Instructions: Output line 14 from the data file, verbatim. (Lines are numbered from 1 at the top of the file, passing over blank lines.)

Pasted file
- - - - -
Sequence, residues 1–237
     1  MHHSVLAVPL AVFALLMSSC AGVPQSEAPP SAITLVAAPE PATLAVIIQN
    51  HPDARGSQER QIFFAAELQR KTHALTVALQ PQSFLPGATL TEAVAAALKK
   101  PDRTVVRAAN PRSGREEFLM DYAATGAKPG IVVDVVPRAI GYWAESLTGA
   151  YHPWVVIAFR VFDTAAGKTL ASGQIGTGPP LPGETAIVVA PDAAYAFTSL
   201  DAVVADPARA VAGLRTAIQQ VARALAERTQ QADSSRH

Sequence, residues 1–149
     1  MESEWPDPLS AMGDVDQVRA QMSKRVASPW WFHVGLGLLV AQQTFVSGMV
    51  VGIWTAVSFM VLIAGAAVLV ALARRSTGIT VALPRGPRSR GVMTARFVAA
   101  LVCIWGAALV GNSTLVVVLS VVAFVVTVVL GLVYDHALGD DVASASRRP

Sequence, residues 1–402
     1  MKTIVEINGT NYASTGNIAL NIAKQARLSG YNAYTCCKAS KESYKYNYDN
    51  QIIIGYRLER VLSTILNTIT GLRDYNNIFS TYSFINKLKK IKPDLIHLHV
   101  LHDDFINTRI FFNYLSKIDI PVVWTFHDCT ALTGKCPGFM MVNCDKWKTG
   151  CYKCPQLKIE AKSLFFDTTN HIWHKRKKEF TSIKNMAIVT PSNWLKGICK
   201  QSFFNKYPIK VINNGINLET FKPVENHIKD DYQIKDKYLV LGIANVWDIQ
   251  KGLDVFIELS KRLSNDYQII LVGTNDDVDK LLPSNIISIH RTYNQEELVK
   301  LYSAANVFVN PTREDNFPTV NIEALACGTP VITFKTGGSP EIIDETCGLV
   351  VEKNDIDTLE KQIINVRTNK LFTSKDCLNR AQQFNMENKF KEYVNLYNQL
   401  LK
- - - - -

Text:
   101  LHDDFINTRI FFNYLSKIDI PVVWTFHDCT ALTGKCPGFM MVNCDKWKTG